Can You Be a Primary Driver On 2 Cars in Ontario?
Car enthusiasts often own more than one vehicle to cherish different driving experiences. With automobile insurance in Ontario becoming expensive, most households prefer designating primary and secondary drivers for their vehicles. However, with your family size increasing, you may own more than one car.
However, you may be wondering, “can you be the primary driver on 2 cars in Ontario?”. Though this would lead to significant savings, you must know if this is legally possible.
Meanwhile, when it comes to purchasing affordable car insurance, you must try and make some significant cost curtails. Reputed insurance experts like Surex can help you find an affordable plan. You can compare quotes from various providers and choose the one that suits your fancy.
Who is a primary driver of a car?
When you own a car, your insurer would like to know who would be sitting at the steering most of the time. This is because some of your family members might also access the car. This explains why insurers segregate the persons accessing the vehicles as primary and secondary drivers.
The person accessing the car most of the time becomes the primary driver. Naturally, this happens to be the owner of the vehicle. The insurer would want to know the name of the person adding to the majority on the odometer. Based on who the primary driver is.
Who is a secondary or occasional driver of a car?
As the name suggests, a secondary or occasional driver is a person who accesses the car less frequently. You need to add these drivers to the insurance policy. When you do so, the insurer will determine the premium based on the driving record of the secondary driver. So, you need to fork out an additional premium for each secondary driver. This is because the insurer considers multiple drivers to pose more risk to the vehicle.
You can add your friends, family members, roommates, colleagues, or siblings to the policy.
Is it possible to become the primary driver on two cars?
If you are wondering, “can you be a primary driver on two cars?”, you’d be happy to know that it is possible. Often, reputed insurance brokers recommend purchasing multi-car insurance policies. Under these policies, you can be the primary driver on two different vehicles that you own. However, the number of vehicles you can be the primary driver depends on from one insurer to the next. Here are some situations when you can be the primary driver on multiple vehicles.
1. Multiple cars serve different purposes
You might own a compact car that you can use for daily commuting around the city. This vehicle would serve the purpose of commuting to your office as well. On the other hand, you can own an SUV for weekend trips or off-road journeys. Many Canadians own convertibles and sporty cars to enjoy their summers. In this case, you’d naturally be the primary driver for both cars.
2. Try different vehicles
Being a car enthusiast, you might love experimenting with different vehicles. Besides, if you are well-versed in car mechanics, you might purchase used cars, upgrade them, and sell them off. In these cases, too, you might consider being the primary driver on multiple vehicles.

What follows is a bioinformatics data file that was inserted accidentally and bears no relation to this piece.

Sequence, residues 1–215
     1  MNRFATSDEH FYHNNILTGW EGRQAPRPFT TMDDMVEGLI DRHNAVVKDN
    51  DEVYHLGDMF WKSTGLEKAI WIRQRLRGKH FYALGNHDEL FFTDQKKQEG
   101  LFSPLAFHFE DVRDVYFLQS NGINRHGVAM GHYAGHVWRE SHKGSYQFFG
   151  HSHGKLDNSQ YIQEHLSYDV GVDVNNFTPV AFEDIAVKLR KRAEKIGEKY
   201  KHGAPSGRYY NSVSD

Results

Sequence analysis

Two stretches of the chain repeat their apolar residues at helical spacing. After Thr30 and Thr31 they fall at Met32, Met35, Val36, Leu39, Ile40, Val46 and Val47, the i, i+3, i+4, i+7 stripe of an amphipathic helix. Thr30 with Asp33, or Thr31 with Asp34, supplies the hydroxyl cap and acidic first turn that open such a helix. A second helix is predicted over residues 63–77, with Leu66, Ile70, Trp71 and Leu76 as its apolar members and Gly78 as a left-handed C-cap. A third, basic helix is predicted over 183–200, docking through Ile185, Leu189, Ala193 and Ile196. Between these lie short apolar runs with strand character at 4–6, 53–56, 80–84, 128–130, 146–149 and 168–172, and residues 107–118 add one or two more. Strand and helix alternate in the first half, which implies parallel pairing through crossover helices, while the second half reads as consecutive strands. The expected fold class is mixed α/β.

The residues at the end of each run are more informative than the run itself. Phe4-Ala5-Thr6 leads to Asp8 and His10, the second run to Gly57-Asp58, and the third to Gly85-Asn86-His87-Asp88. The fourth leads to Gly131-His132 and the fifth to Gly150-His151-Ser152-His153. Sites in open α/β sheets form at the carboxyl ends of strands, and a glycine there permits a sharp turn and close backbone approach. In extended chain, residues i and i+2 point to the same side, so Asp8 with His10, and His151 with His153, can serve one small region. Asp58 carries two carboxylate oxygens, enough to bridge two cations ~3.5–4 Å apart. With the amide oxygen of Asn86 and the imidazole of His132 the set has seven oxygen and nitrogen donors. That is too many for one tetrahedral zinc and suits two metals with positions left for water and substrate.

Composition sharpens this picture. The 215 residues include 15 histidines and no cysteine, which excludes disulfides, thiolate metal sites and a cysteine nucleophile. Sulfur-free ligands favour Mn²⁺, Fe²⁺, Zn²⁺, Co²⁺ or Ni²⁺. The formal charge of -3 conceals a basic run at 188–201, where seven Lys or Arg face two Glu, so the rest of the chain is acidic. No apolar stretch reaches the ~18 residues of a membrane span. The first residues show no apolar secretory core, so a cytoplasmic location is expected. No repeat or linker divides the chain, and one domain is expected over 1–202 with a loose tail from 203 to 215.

3. Save on your premiums
One of the reasons why you would want to be the primary driver on two vehicles is the privilege in terms of insurance discounts. Rather than having two different car insurance policies, you can become the primary driver of two cars under the same policy. Most insurers offer handsome discounts when you add a car to the existing policy.
Can you be the primary driver of a vehicle you don’t own?
You need not necessarily be the owner of a car to be the primary driver. Insurers consider the person who sits at the steering most of the time to be the primary driver. So, even if you don’t own a vehicle, you can be its primary driver if you have more access to it than its owner.
So, if your parents own a car but drive them around the city most of the time, you would be the primary driver. Now, you may own a car besides being the primary driver for your parent’s vehicle. In this case, you would own one car but be the primary driver in two cars.
What car owners should know about car insurance fronting
Many Canadian parents unknowingly indulge themselves in a kind of insurance fraud known as fronting. While you might be the primary driver of your car, you may name your child a secondary driver. This way, you can make a significant saving on your insurance policy in case your child happens to access the car more often than you.
Given that young drivers need to shell out more insurance premiums, many Canadian parents resort to this undue advantage. This is illegal in Canada and is considered to be a kind of fraud.
In case you are caught deceiving your insurer or lying regarding the primary user of the vehicle, you may face legal action. This can even lead to imprisonment under severe conditions. If you have unknowingly involved yourself in this act, inform your insurance broker at the earliest to stay out of trouble.
Can you be the primary driver on 2 cars in Ontario? — Endnote
So, if you have been wondering “can you be the primary driver on 2 cars in Ontario?”, you can now say that you know the answer.
While insuring your vehicle in Ontario is a priority, you also have several windows to save on premiums. We have discussed only a few tactics to help you save premiums while adhering to the legalities. Multi-car ownership, for instance, is one of the most practical ways to curtail auto insurance premiums.
Reach out to the insurance experts at an online insurance brokerage if you still have any doubts about who you should add as primary and secondary drivers. The experts at an online insurance brokerage can help you choose the right policy so that you can take advantage of significant savings.
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